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I use KW to test my drawing the kanji too. You might say that’s not important these days, but I find drawing them helps me remember and do better at WaniKani. With that said, I’m not as diligent about keeping up - maybe a couple of times a week. I have 226 reviews waiting there. That’s what I do when I need to kill time waiting for a meeting to start or something. I save WaniKani for my full attention.

I’m kind of over the synonym problem. Don’t care. I’m not concerned about leveling up or anything on KW. I’m just using it as a prompt generator for kanji writing and reading practice. If I see a synonym one and fail it, eh. It’ll come back in a minute and I’ll know which one it’s asking for. Eventually I’ll remove them from the stack once my writing gets reflexive enough that I don’t think I need to practice that one any more.

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Kaniwani is pretty great but I also got bored of seeing the same thing right after doing my wk reviews. Then I noticed there is a setting on kaniwani that says something like “only review words at or above wanikani” and you can change it from apprentice/guru/master/enlightened/burned, so that the word only appears in kaniwani when you’ve gotten it to that level on wanikani.

Now I only review my burned items on kaniwani which feels great because I’m not forgetting them because of lack of exposure on wk, and I also don’t have a flood of reviews. It’s way more chill this way and I feel like I can keep up with it instead of dropping it which I probably would have done otherwise.

Might be worth looking into :slight_smile: (but ofc you don’t have to do burned items. do what level you want/feel comfortable with, I don’t have much energy anymore which is why I have it at burned)

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can you tell me about your hello talk experience?

( I did not do kaniwani, but I imagine it would be helpful for recall in terms of speech. There are other ways to achieve that though. That is my four cents.)

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I used KaniWani for burned items only and I made it to aprox lvl 30 content on there. I stopped KaniWani because I quit WaniKani.
Since I’m not practising speaking until I’m fluent in understanding I guess I’m not super affected by my current lack of KaniWani but I will say that I can for sure remember (recall) vocab without it.

Using KaniWani helps in order to make that recalling period shorter though, especially in the beginning when you’re not used to it. It’s not crucial in order to be able to speak Japanese though so don’t be afraid to drop it if it becomes too much to keep up both.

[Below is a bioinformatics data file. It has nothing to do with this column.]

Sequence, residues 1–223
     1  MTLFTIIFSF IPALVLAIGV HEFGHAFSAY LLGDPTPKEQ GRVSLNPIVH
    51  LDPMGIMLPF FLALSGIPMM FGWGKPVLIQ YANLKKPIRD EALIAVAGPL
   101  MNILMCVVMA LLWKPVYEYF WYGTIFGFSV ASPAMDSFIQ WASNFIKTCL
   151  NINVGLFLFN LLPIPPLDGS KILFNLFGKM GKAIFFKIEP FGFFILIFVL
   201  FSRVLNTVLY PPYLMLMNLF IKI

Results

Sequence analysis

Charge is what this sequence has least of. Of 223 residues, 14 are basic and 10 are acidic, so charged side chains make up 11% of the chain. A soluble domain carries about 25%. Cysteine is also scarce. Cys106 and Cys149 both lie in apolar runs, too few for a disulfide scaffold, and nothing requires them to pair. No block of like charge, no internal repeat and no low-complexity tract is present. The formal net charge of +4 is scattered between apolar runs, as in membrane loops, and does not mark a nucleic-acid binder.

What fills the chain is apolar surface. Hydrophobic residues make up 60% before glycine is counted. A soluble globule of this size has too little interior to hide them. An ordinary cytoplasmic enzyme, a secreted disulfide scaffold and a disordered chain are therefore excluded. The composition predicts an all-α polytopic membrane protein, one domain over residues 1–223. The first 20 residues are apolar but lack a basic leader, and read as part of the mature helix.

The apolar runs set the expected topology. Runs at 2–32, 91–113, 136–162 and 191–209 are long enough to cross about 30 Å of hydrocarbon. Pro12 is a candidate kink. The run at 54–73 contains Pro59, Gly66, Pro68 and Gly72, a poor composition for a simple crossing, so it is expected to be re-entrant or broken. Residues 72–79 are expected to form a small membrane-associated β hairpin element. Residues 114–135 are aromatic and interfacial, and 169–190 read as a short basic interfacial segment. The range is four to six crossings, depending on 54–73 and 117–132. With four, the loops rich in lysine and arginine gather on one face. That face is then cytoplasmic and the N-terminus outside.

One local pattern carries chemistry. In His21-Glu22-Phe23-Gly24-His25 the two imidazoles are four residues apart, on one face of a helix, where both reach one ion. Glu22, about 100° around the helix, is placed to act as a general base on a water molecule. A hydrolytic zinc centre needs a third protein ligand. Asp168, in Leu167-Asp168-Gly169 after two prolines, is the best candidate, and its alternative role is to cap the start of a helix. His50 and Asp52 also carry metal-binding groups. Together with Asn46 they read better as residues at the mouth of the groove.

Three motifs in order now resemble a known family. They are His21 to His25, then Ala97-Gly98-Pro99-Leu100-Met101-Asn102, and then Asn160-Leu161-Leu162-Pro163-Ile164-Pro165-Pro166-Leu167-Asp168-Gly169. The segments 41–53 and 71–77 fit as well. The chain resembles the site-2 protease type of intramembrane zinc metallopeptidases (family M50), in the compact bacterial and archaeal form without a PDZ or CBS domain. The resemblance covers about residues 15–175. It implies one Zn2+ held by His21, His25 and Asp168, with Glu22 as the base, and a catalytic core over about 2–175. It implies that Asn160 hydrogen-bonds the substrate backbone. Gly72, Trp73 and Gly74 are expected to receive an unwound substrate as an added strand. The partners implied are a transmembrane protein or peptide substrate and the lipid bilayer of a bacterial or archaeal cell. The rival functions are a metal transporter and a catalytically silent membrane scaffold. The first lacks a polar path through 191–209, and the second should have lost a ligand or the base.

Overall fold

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Why don’t you practice speaking?

Kaniwani is great. It takes MUCH less of your time per day than WaniKani and it helps reinforce already burnt items (if you set it to only pop up after burnt on Wanikani)

As everyone’s favorite LaBeouf says, “JUST DO IT”. It being Kaniwani!

Ok I could write about this forever so I’m sorry if it gets a bit long.

Since language is very specific in way, when conveying ideas in Japanese, a lot of the time there are certain ways of saying certain things correctly that you can’t make up on your own with the vocab knowledge you have. In the beginning, I would practice making my own sentences and speaking but the result was almost never natural.

Ex: I will live a healthy life from now on.
My sentence: これから健康な生活を生きる。
Natives correction: これから健康な生活を送る

I thought 送る ment “to send” something but it’s also used in the sense of “living one’s life”, “escorting someone” etc.

After realizing this I decided that I would do what I did with English. I am just going to listen and consume native material as much as possible until I understand 98% of what I hear before I start practising my speaking. There really is no need for me to be able to speak Japanese at the moment so focusing on input rather than output will save me the trouble of “unlearning” bad habits created by outputting/speaking to soon.

However, this doesn’t mean that I can’t convey my thought in Japanese. I can, I have spoken to native speakers, but I sound like a caveman due to lack of correct wording and I would rather not reinforce bad habits. Input is the key to proper output. Just my opinion :coffee::ok_hand:

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Okay. I suppose I understand the “I don’t want to have to unlearn bad habits” part. I’m of a different mindset. Your learning strategy reminds of the way I used to play Diablo II when I was a kid. I’d battle all of the easy guys and never die. Then, after leveling sufficiently, I’d try my hand at some more challenging opponents. To each his own. Level 60 is no small feat.

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Yeah you can use the app to strike conversations with people who are looking to learn your native language and you can learn from each other. Most conversations don’t really go anywhere but it’s good practice to get started forming your own thoughts and sentences in Japanese.

Having actual irl conversations with native speakers when you’re still not very fluent in a given language will most likely end up with them smiling at your attemps and switching to english so unless you have people who speak exclusively japanese to talk to I think it’s a great first step. I think having a reading understanding of what’s typically said by native speakers also helps your listening comprehension in that you don’t get surprised by sentences. Overall tools like these were a cornerstone of my early learning strategy.